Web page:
(São Paulo) – The government of President Jair Bolsonaro should stop undermining environmental protections in Brazil and take decisive action against criminal networks that are destroying the Amazon rainforest and threatening and attacking enforcement agents and local residents, Human Rights Watch said today in its World Report 2020.
President Bolsonaro has also embraced anti-rights policies on issues related to the environment, public security, free expression, and civil society. The courts and Congress blocked some of those policies, but others have gone forward.
“President Bolsonaro’s assault on environmental law enforcement agencies is putting the Amazon and those who defend it at great risk,” said Maria Laura Canineu, Brazil director at Human Rights Watch. “Without any proof, his government has blamed nongovernmental organizations, volunteer firefighters, and Indigenous people for the Amazon fires, while failing to act against the criminal networks that are felling trees and burning the forest to make way for cattle and crops, and threatening and attacking those who stand in their way.”
In the 652-page World Report 2020, its 30th edition, Human Rights Watch reviews human rights practices in nearly 100 countries. In his introductory essay, Executive Director Kenneth Roth says that the Chinese government, which depends on repression to stay in power, is carrying out the most intense attack on the global human rights system in decades. He finds that Beijing’s actions both encourage and gain support from autocratic populists around the globe, while Chinese authorities use their economic clout to deter criticism from other governments. It is urgent to resist this assault, which threatens decades of progress on human rights and our future.
The Bolsonaro administration has undercut Brazil’s environmental agencies by slashing budgets, removing experienced managers, and restricting enforcement agents’ ability to operate in the field. It has also indicated it will not comply with Brazil’s climate change commitments.
Preliminary data based on deforestation alerts show that from January through mid-December, deforestation in the Amazon went up by more than 80 percent. At the same time, Ibama, Brazil’s main federal environmental agency, reduced the number of fines it issued for illegal deforestation by 25 percent from January through September, compared to the same period in 2018, according to Ibama’s website.
A new requirement for a “conciliation” hearing for all environment-related fines entered into effect in October 2019. While such hearings are pending, the deadlines to pay are suspended. Yet, the Ministry of the Environment had held no conciliation hearings as of January 7, according to data Human Rights Watch obtained through a Freedom of Information Act request. That means that all new administrative proceedings against people and companies who allegedly violated environmental law are effectively on hold.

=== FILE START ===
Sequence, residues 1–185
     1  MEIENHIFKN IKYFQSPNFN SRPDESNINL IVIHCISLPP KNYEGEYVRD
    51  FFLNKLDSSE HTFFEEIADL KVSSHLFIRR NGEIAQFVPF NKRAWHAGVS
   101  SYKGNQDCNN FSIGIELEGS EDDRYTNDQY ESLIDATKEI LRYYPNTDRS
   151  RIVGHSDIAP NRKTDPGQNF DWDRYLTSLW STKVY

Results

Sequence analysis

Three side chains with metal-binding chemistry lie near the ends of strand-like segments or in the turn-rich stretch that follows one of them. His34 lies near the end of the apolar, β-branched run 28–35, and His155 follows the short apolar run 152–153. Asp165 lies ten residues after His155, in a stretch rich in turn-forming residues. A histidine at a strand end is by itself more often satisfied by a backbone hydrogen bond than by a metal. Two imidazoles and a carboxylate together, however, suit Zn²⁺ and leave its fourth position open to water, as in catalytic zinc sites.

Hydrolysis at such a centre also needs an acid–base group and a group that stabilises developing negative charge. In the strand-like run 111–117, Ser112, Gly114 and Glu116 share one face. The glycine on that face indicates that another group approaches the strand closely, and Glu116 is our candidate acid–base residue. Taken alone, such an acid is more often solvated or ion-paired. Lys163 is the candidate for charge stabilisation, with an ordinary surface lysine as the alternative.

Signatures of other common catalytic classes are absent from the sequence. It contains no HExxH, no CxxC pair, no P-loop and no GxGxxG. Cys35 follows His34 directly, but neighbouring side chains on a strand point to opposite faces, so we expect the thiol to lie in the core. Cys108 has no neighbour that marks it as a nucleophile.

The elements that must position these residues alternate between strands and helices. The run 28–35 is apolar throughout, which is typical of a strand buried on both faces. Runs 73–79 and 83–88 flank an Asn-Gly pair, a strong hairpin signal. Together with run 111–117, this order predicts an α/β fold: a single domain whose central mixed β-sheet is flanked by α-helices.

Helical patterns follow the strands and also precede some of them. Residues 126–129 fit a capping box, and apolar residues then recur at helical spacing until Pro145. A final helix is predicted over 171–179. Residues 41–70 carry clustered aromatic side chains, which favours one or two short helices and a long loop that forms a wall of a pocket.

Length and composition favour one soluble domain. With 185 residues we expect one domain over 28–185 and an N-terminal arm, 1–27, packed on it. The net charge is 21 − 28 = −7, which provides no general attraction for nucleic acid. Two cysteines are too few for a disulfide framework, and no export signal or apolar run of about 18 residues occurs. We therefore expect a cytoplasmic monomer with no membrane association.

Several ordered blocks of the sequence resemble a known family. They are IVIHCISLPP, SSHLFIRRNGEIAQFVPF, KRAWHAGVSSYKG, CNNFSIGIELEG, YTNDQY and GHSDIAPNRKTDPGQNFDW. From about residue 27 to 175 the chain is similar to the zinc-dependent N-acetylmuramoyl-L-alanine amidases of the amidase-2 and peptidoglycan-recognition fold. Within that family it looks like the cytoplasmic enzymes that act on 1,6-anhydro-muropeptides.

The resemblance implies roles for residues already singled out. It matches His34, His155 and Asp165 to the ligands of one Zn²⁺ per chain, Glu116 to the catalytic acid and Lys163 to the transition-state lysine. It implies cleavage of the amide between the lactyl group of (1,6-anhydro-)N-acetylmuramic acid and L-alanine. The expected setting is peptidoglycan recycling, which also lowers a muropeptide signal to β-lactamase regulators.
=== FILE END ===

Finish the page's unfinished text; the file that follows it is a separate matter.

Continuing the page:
Weakened environmental law enforcement enhances the risk to forest defenders by giving free rein to criminal networks engaged in illegal deforestation. The Indigenist Missionary Council (CIMI), a nonprofit organization, reported 160 cases of illegal logging, land grabbing, and other infringement upon Indigenous territories from January through September.
Officials and local residents told Human Rights Watch that acts of intimidation by criminal groups in the Amazon have increased significantly under President Bolsonaro. Three Indigenous people were killed during November and December.
President Bolsonaro has suggested that criminals should “die like cockroaches.” He sent a bill to Congress that would automatically treat police or military killings as acts of self-defense if carried out against anyone who openly carries a gun or engages in other criminal acts. International human rights standards only allow to deliberately kill people when necessary to protect life.
Police in Rio de Janeiro killed 1,686 people from January through November of 2019, a record number.
While some police killings are in self-defense, many others are the result of unlawful use of force. Police abuses antagonize the very communities whose cooperation the police need to effectively fight crime.
The Bolsonaro government has tried to undermine torture prevention efforts. It attempted to fire the experts who make up the National Mechanism to Prevent and Combat Torture, a body established by law, and dismissed evidence that a federal force had subjected inmates to torture in Pará state.
Gender-based violence continued to be a chronic problem in Brazil. One million cases of domestic violence were pending before the courts in 2018. While the Bolsonaro government said one of its human rights priorities was policies toward women, the Secretariat of Policies for Women had used only about 40 percent of its budget by November.
President Bolsonaro has also harassed news media, nongovernmental organizations, and tried to restrict children’s access to comprehensive sexuality education.